Georgian parliament ratifies final version of state constitution
The parliament of Georgia has unanimously voted for final changes to the state constitution at the plenary session, Agenda reports.
Thanking his colleagues for participation in "a long and hard process of constitutional reform” Parliamentary Speaker Irakli Kobakhidze said now Georgia has a constitution based on the best European traditions of the Parliamentary democracy.
Welcoming the adoption of the final version of the constitution, Georgian Prime Minister Giorgi Kvirikashvili said the country has a flawless constitution which, on one hand ensures stability and pluralism, and on the other hand prevents the concentration of power in the hands of one force, hence eliminating the possibility of autocracy.
"It was through the political will of our team that the document stipulates the country’s complete transition to proportional representation in 2024. Throughout the constitutional debates, we repeatedly pointed to a difference of opinion within our team on a possible transition to proportional representation in 2020”, he said.
The 2020 parliamentary elections will employ a mixed electoral system and the election threshold will be lowered from 5 to 3 percent. At the same time, parties will be able to form political blocks, however only for the 2020 elections.
The recent amendments also abolish the bonus system, which means that undistributed seats will be allocated proportionally among the parties that achieve the election threshold.
"I would like to state with all assuredness that no provision serving the partisan interests of the ruling political force, or improving its positions, has been included in the new version of the Constitution. Our goal has been for the country to have a balanced constitution, and for us to switch to a model of full parliamentary rule”, Kvirikashvili said.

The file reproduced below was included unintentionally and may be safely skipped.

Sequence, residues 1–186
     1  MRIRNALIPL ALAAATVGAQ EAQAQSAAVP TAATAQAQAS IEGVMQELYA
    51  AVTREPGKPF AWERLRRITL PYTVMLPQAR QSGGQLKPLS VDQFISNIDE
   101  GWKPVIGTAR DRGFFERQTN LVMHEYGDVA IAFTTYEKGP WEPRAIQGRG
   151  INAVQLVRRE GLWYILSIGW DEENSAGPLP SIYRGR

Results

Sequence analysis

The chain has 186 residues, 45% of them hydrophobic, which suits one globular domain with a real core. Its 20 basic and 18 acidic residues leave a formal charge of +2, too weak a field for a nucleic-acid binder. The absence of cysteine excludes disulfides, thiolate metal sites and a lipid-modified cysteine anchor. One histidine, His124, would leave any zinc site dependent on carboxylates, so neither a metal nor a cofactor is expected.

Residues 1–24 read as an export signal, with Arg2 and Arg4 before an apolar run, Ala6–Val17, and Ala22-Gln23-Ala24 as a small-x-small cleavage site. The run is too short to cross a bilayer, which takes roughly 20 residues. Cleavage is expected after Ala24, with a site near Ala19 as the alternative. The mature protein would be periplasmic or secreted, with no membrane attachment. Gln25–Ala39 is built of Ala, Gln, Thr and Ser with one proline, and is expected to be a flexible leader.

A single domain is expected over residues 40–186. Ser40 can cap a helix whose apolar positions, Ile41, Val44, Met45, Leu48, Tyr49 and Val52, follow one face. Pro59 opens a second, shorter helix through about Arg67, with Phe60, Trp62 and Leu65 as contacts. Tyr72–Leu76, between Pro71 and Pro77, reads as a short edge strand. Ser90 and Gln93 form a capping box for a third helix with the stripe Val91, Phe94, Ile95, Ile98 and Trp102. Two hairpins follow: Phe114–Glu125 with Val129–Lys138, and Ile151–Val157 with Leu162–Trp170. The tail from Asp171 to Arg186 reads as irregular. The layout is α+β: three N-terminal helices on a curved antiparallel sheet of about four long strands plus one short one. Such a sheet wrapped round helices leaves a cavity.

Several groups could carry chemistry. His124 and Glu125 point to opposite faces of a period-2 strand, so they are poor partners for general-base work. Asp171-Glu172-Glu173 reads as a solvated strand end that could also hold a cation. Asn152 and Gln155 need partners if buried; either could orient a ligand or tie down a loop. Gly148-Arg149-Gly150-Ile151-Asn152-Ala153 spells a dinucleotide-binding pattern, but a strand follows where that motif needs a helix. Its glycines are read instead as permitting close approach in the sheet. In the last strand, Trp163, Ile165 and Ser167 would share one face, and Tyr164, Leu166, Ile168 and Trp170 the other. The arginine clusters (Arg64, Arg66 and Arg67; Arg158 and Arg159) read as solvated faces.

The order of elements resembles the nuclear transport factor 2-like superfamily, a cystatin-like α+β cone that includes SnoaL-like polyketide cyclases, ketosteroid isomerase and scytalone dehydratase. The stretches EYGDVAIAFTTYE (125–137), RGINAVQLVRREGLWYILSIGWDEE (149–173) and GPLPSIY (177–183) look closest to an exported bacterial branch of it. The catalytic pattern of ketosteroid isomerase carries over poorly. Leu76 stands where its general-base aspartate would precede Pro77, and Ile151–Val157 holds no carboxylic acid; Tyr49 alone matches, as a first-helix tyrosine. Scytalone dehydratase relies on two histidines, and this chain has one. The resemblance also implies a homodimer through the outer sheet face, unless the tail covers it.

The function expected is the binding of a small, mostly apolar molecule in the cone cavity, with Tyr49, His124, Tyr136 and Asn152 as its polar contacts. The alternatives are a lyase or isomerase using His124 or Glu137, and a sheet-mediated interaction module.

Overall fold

Kvirikashvili believes that now the country has a constitution that balances and distributes responsibility among the branches of government, with the parliament enjoying its natural role and authority, with simplified parliamentary procedures for a vote of no confidence in the government, with a more effective and accountable executive government, with the president fulfilling the functions of a neutral arbiter.
According to Kvirikashvili, the constitution’s transitional provisions reflect:
The country’s foreign policy choice, with greater protection of human beings and society as a whole;
Enhanced rights of the parliamentary opposition which is now entitled to establish special investigative parliamentary commissions;
The state’s greater social responsibility and an improved level of protection of labor rights;
Stronger guarantees of judicial independence.
He said it also reflects the public’s request to define marriage and limit the sale of land to foreign citizens.
Kvirikashvili thanked everyone who has contributed in the successful completion of this process, especially the Venice Commission and its president Gianni Buquicchio who has been involved throughout this process and who has highly commended the constitutional amendments.
Last week the Venice Commission of the Council of Europe released its final report about Georgia’s constitutional reforms, stating they are a step forward in improving and consolidating the constitutional arrangement of the country.